Employee: Patricia Smith
Employer: Partners Healthcare System, Inc.
Self-Insurer: Partners Healthcare System, Inc.
Board No.: 049277-03

(Judges Horan, Costigan and Koziol)

The case was heard by Administrative Judge Taub.

James S. Aven, Esq., for the employee
Donald M. Culgin, Esq., for the self-insurer

HORAN, J. The employee appeals from a decision denying her claim for workers' compensation benefits for a September 15, 2003 industrial injury. We recommit the case for further findings of fact.

The employee worked as a registered nurse for the self-insurer in their Rockland office, where she was responsible for "central intake, processing referrals and arranging for . . . appropriate homecare services." (Dec. 4.) In August 2003, the employee began to suffer from numerous symptoms, including "fierce headaches, 'jumpy' vision, and balance problems." Id. She claimed these symptoms, which forced her to leave work as of September 15, 2003, were caused by pesticide spraying at work. [1] (Dec. 4-5.)

The employee's claim for incapacity and medical benefits was denied following a § 10A conference, and she appealed. On June 5, 2006, Dr. Barbara Scolnick examined the employee pursuant to § 11A, and issued a medical report. (Stat. Ex. 1.) In her report, Doctor Scolnick opined:

In summary, I am at a loss to find out what is wrong with
this woman. . . . I cannot find an organic cause for her symptoms.
The connection between the exposure and the symptoms is, in my
opinion, to [sic] weak to be of any clinical or legal significance.

(Stat. Ex. 1; emphasis added.) The employee filed a motion to open the medical evidence, arguing that Dr. Scolnick's report was inadequate or, in the alternative, requesting a finding of medical complexity. [2] See G. L. c. 152, § 11A(2). The motion did not request that Dr. Scolnick's report be stricken from the record. The judge heard the motion on the first day of the hearing, August 3, 2006, and denied it. (Dec. 2.)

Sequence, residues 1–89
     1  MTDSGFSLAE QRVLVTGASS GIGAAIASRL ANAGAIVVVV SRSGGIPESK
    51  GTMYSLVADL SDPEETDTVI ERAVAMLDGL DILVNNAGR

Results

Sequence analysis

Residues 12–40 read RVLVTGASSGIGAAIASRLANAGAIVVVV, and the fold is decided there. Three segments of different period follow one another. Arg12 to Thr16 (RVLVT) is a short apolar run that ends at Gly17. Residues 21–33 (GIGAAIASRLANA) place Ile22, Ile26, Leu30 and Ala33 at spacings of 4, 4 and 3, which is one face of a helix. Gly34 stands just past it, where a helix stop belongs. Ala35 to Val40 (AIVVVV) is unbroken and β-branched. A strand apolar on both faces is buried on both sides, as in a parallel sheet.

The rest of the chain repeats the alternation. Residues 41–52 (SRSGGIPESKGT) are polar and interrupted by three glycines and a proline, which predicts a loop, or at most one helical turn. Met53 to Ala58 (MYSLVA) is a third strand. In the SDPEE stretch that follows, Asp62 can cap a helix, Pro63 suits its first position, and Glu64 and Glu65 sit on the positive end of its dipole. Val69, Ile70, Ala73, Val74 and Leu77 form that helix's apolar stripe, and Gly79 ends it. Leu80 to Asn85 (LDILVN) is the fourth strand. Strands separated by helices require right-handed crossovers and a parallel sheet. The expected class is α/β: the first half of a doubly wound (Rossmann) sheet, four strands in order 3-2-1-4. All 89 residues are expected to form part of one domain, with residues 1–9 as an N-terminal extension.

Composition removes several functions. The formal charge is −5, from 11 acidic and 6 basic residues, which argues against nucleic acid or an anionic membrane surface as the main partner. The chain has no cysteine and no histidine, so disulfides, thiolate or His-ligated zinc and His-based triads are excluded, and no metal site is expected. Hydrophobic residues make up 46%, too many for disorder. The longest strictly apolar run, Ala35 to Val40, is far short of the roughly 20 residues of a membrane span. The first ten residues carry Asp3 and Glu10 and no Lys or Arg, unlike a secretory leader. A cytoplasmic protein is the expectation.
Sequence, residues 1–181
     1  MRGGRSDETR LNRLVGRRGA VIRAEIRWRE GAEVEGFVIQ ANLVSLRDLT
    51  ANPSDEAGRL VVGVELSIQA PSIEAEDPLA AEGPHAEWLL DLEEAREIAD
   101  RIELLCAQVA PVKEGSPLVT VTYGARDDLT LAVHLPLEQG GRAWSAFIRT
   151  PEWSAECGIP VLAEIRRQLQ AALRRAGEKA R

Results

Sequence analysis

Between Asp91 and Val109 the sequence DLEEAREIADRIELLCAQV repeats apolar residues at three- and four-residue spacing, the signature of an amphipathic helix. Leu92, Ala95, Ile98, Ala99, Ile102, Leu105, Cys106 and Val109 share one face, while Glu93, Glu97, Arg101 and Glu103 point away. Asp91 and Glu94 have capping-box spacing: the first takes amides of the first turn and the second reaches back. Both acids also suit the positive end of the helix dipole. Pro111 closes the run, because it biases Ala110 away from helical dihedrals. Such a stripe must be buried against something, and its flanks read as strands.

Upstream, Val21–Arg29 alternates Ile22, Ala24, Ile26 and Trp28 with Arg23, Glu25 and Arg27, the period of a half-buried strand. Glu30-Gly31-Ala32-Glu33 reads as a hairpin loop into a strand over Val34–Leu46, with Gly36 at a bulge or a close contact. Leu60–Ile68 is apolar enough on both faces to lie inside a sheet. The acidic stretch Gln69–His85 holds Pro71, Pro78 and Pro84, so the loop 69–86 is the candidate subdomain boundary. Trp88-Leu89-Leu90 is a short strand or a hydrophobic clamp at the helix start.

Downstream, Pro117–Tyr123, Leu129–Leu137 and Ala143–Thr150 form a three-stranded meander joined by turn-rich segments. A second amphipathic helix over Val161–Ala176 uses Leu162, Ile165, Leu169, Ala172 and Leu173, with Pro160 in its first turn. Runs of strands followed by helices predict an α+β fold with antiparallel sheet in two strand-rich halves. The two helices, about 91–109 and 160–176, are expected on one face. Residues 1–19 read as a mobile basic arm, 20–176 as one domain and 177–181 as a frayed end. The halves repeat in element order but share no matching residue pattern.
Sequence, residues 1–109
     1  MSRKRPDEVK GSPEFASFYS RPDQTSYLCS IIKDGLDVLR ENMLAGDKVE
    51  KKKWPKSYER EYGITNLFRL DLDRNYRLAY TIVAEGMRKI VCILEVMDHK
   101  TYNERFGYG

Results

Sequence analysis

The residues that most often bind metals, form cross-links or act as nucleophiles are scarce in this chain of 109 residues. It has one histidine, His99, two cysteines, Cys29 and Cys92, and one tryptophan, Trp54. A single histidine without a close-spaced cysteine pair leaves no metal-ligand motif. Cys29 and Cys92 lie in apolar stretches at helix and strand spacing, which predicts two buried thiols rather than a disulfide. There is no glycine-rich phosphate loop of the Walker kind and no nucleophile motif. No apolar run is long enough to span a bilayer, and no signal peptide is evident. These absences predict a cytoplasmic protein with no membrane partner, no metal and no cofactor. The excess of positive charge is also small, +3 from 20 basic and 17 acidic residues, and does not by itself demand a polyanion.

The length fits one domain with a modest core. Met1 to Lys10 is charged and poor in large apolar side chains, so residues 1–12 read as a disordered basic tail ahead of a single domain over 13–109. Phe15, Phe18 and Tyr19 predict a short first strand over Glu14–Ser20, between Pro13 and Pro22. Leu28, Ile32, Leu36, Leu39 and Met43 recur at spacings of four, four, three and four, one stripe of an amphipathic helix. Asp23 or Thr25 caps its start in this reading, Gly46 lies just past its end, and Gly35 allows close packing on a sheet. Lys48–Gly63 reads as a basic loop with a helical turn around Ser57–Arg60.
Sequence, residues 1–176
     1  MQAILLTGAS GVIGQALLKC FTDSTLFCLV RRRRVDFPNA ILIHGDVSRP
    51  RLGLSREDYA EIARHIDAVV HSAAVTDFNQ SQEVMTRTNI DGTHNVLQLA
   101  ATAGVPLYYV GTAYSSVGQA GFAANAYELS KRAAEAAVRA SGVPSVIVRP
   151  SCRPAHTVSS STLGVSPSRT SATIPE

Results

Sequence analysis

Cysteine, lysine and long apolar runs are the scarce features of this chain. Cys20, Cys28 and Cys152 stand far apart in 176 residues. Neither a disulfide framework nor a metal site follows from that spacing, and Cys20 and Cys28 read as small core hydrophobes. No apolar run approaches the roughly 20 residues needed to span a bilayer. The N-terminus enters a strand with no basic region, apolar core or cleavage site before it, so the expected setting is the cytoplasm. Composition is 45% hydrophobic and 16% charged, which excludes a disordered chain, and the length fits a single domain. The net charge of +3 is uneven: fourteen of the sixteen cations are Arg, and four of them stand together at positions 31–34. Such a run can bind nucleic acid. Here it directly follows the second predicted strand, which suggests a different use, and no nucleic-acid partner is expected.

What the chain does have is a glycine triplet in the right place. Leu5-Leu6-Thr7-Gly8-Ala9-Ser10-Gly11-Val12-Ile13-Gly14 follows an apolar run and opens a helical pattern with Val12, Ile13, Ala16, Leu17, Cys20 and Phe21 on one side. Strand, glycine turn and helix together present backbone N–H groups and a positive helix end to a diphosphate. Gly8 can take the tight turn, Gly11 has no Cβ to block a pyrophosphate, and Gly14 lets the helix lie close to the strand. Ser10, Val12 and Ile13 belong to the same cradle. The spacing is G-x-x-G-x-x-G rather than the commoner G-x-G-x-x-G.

On December 18, 2006, following the lay testimony at hearing, the employee deposed Dr. Scolnick. The doctor testified that in addition to reviewing the medical reports and records submitted by the parties, she received and reviewed non-medical evidence. [3] She iterated her opinion that she could not adequately explain the cause of the employee's symptomatology. (Dep. 47.)

On January 2, 2007, the employee filed a second motion requesting a finding of inadequacy and/or complexity. Under the heading of "inadequacy," the employee argued that Dr. Scolnick did not meet the eligibility criteria to serve as a § 11A medical examiner, appeared unqualified to address cases involving chemical exposures, and was biased. [4] Under the heading of "complexity," the employee cited passages from Dr. Scolnick's deposition in support of her argument. Again, the motion did not contain a request to strike Dr. Scolnick's opinion from the record. [5]

On May 30, 2007, the parties appeared before the judge to argue the merits of the employee's second motion concerning the adequacy of Dr. Scolnick's opinion, and whether the case was medically complex. Contrary to the statement of the case contained in her brief, the employee did not move to strike Dr. Scolnick's report "due to her receipt and review of non-medical documents, which had not been properly submitted through the . . . [j]udge for her review nor admitted into evidence at . . . hearing." (Employee br. 3.) The judge then issued a written ruling allowing each party to submit additional medical evidence based on his finding of medical complexity. Thereafter, the employee submitted the deposition testimony of Dr. Howard Hu, and the self-insurer submitted the deposition testimony of Dr. Thomas H. Winters. (Dec. 1.)

The judge found no merit to the employee's contention that Dr. Scolnick was unqualified to serve as an impartial medical examiner. (Dec. 3.) He adopted her medical opinion, concluding "I cannot and do not find it more likely than not that the symptoms of which Ms. Smith complains were brought about by a workplace chemical exposure." (Dec. 8.) The decision, like the judge's written ruling on the employee's second motion, failed to mention or discuss the employee's claim of bias. See footnote 4, supra. In denying and dismissing the employee's claim, the judge concluded his general findings as follows: "In the end, I found the analysis of Dr. Scolnick most convincing . . . that the exposure to the insecticide at work was not a major cause of the employee's symptoms." (Dec. 8.) The employee raises three issues on appeal.